Bernie Sanders Says Proposed Payroll Tax 'Would Hit Everyone'

PHOTO: Sen. Bernie Sanders, I-Vt., speaks during a CNN Democratic presidential debate, Oct. 13, 2015, in Las Vegas. PlayJohn Locher/AP Photo
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Bernie Sanders brushed off Donald Trump's latest criticism of the self-proclaimed democratic-socialist today, but used Trump's salvo that he's "going to tax you people at 90 percent. He's going to take everything," to raise an issue central to his campaign -- income inequality.

"If I had to respond to every absurd thing that Donald Trump says, I'd spend my whole life doing it," Sanders, the Vermont senator running for the Democratic nomination for president, told George Stephanopoulos on "This Week" Sunday.

"Trump raised that issue –- let's talk about it," he added of his what his tax policies would be if he were elected president.

"What we have seen, George, in the last 30 years –- as most Americans know –- is a massive redistribution of wealth," the Democratic presidential candidate said. "Unfortunately, it's gone in the wrong direction: It's gone from the middle class and working families to Donald Trump and his friends, the top one-10th of [the] 1 percent."

Sanders is perhaps best known in political life for his efforts to champion the middle class, saying that in order to bridge the widening wealth and income inequality gap in America, the country needs a revamped tax policy that forces Wall Street, big corporations, millionaires and billionaires –like Trump – to pay up – and doesn’t impose further taxes on the middle and working class.

However, when pressed by Stephanopoulos about whether the proposed Senate tax legislation he backs, which would use a payroll tax to fund a mandate for 12 weeks of paid family and medical leave from all U.S. employers, Sander confirmed that the bill would require taxing all citizens -– not just the top 1 percent.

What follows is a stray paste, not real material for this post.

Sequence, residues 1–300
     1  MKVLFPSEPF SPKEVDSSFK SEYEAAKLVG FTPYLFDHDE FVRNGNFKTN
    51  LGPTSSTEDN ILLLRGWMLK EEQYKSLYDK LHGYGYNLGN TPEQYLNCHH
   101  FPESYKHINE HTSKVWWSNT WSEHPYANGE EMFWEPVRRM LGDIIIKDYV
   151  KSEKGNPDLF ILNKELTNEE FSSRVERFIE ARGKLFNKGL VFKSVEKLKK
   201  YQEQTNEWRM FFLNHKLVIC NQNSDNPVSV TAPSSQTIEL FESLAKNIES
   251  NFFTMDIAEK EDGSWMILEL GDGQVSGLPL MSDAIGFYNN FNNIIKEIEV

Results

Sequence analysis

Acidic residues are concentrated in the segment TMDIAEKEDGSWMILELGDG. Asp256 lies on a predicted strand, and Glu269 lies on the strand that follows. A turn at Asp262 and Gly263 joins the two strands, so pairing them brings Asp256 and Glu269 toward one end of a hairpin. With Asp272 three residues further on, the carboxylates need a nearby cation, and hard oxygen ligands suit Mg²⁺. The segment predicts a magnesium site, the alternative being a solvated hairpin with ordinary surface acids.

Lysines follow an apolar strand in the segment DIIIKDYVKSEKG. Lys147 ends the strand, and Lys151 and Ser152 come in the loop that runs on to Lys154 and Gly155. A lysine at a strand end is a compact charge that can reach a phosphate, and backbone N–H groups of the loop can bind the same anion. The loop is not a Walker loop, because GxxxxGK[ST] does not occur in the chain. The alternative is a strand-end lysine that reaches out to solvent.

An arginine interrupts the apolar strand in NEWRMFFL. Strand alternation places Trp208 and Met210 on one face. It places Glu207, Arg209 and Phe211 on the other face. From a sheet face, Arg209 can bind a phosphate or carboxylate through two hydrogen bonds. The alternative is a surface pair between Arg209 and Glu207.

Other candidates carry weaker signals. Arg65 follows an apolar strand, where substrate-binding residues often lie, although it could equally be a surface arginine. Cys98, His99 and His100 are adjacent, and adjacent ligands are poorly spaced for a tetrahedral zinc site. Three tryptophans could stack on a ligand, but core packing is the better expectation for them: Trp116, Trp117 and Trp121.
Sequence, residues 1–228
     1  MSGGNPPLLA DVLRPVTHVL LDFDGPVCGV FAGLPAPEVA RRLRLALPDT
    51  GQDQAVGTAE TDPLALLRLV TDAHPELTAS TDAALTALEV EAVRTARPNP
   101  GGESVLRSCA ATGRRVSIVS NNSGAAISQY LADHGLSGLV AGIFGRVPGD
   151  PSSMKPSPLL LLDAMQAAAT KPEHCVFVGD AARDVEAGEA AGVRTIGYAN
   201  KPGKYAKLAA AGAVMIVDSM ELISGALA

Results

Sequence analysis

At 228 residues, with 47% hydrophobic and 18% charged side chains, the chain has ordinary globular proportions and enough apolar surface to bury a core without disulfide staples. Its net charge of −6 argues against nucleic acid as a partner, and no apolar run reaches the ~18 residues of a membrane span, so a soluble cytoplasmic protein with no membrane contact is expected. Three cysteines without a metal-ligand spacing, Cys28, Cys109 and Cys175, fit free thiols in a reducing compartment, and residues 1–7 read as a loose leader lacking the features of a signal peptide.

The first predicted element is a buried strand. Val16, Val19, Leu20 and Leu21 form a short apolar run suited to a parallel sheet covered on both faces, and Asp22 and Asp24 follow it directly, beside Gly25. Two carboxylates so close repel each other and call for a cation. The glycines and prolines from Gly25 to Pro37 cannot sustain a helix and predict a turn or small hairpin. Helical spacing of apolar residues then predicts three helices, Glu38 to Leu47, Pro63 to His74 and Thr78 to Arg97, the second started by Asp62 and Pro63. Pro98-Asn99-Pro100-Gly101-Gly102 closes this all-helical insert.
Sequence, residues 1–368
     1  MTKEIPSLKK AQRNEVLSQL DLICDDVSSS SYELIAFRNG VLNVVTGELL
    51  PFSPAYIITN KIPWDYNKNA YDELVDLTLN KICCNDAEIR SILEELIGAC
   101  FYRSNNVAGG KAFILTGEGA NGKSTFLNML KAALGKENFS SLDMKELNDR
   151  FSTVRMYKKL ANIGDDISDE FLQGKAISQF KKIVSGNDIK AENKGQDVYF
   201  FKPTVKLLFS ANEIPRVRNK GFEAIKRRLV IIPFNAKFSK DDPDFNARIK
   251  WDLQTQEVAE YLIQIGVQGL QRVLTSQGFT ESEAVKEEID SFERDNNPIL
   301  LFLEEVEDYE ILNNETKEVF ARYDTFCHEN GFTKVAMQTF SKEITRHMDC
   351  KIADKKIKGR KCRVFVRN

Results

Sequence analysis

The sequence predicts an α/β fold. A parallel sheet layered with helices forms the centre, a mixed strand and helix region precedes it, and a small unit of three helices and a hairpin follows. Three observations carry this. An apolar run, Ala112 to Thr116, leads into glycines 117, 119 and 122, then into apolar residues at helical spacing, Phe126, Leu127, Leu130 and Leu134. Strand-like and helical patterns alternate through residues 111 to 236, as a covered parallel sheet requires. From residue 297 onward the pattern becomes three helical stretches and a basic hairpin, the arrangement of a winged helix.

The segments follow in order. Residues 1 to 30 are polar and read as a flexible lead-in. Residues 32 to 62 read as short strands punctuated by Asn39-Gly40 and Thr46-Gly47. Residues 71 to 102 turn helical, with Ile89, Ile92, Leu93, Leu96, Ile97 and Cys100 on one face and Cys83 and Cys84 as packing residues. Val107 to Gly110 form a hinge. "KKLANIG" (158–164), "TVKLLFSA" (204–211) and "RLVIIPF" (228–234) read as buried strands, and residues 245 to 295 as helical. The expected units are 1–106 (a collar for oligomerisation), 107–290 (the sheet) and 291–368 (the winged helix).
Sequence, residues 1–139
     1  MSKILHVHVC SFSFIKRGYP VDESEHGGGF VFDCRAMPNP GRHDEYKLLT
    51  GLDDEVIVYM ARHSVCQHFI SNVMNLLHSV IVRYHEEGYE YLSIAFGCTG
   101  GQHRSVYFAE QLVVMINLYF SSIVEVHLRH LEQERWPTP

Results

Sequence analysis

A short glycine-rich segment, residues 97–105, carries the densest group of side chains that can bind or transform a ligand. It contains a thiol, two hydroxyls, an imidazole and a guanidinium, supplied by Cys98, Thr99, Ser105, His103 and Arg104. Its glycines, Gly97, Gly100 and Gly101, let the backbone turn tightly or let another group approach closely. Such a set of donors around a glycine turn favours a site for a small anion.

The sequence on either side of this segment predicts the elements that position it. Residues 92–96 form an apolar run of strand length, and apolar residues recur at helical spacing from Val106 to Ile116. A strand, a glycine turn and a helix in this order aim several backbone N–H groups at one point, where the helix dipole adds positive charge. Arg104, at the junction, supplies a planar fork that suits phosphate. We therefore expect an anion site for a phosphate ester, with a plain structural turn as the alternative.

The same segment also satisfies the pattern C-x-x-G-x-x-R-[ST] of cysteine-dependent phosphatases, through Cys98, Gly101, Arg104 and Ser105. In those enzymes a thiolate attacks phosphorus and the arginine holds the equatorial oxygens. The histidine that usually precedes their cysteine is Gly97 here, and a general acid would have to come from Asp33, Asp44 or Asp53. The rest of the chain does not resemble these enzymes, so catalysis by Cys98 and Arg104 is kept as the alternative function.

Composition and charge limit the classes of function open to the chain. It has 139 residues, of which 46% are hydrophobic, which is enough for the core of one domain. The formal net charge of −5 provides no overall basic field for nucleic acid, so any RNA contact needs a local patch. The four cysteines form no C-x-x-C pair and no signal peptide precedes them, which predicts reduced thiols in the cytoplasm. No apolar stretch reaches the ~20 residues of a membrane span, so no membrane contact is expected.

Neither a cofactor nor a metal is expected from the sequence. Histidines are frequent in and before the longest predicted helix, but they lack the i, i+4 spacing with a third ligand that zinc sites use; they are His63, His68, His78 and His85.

"[The payroll tax] would hit everyone –- yeah, it would. But it would mean we would join the rest of the industrialized world and make sure that when a mom has a baby she can in fact stay home with that baby for three months, rather than going back to work at the end of one week," Sanders said.

"We are the ... only major country on earth that doesn't guarantee paid family and medical leave," he added.

Sanders said his tax policies would primarily aim to close tax loopholes that let the rich evade taxation, raising the estate tax, and taxing Wall Street speculation, the latter of which would fund his proposal for tuition-free public college and university education.

"We've got to address the fact that the middle class in this country is disappearing, they need help," Sanders said. "We have massive wealth and income inequality -- the wealthy are going to have to pay more in taxes."

MaryAlice Parks contributed to this reporting.